Seed ball tinsMany wildflowers are not so keen on really fertile soil, preferring fairly nutrient poor ground.  They are not good in heavy competition either so it is good to remove the turf and top-soil prior to planting.  Depending on flowering time, once the meadow is doing well you can get away with an early spring mow (for summer flowers) and then a mow after the flowers are over and seeds are set.  But don’t do really short mows as this may damage the plants too much.

Also, when you do mow, do remove the cut grass – perhaps after a day or so, so any seeds can drop off seed-heads and into the soil for next years flowers.

Planting is best in spring or autumn and now we have a great, hassle-free way to plant using seed-balls.  The range is fabulous and we even have sets for your own table!

 

 

urban_meadow_2We have

Salad Mix – an easy way to get a mix of salad greens, just plant one ball every few weeks for salad all summer long.

Herb Mix – with basil, marjoram, chives, dill and parsley, you can get many of your cooking herbs from these seed-balls, and provide wildlife with fabulous pollen!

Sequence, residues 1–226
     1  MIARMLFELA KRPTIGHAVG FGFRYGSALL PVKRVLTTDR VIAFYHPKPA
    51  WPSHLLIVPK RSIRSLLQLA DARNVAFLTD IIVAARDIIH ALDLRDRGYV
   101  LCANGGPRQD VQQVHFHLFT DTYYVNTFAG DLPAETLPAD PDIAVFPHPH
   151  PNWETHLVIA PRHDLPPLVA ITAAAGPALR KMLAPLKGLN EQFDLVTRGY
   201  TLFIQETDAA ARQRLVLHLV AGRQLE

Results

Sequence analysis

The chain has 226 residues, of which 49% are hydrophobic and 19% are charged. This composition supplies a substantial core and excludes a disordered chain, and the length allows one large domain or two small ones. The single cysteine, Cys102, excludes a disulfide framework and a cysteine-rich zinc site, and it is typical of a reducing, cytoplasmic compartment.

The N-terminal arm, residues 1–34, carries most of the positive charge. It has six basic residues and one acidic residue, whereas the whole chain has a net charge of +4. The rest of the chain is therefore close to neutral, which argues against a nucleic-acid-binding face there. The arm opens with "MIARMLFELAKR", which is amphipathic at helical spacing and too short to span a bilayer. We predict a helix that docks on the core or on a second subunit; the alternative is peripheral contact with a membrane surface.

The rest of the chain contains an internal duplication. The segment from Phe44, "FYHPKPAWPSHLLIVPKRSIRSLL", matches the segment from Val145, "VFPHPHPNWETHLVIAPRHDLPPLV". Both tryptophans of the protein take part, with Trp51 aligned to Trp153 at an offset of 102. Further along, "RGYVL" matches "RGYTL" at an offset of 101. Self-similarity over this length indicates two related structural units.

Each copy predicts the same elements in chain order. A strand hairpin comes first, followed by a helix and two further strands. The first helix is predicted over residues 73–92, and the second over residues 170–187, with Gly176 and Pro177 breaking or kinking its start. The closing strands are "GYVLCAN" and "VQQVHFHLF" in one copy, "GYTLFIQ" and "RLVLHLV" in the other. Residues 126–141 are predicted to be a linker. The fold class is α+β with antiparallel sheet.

Cloud Meadow Mix – a range of white blooms that go on throughout the summer

Urban Meadow Mix – hardy plants that will survive even in fairly polluted areas, providing pollen for bees and butterflies.

Poppy Mix – lovely poppies add beautiful colour to your garden and attract a whole host of wildlife.

Butterfly Mix – flowers that butterflies love including red campion, forget-me-not, yarrow, purple loosestrife and musk mallow.

Bee Mix – attract a wide range of bees to your garden with these pretty flowers, including foxglove, vipers bugloss, birds foot trefoil, wild marjoram and red clover.

Sky Meadow – give your garden a wild blue make-over with these seed-balls.  A mix of early and late summer flowers including forget-me-not, meadow cranesbill, cornflower, self heal and wild clary.

Tea Mix – flowers for the bees and butterflies and leaves and flowers to make your tea!  Includes chamomile, mint and anise.

So what are you waiting for?

Time to get planting.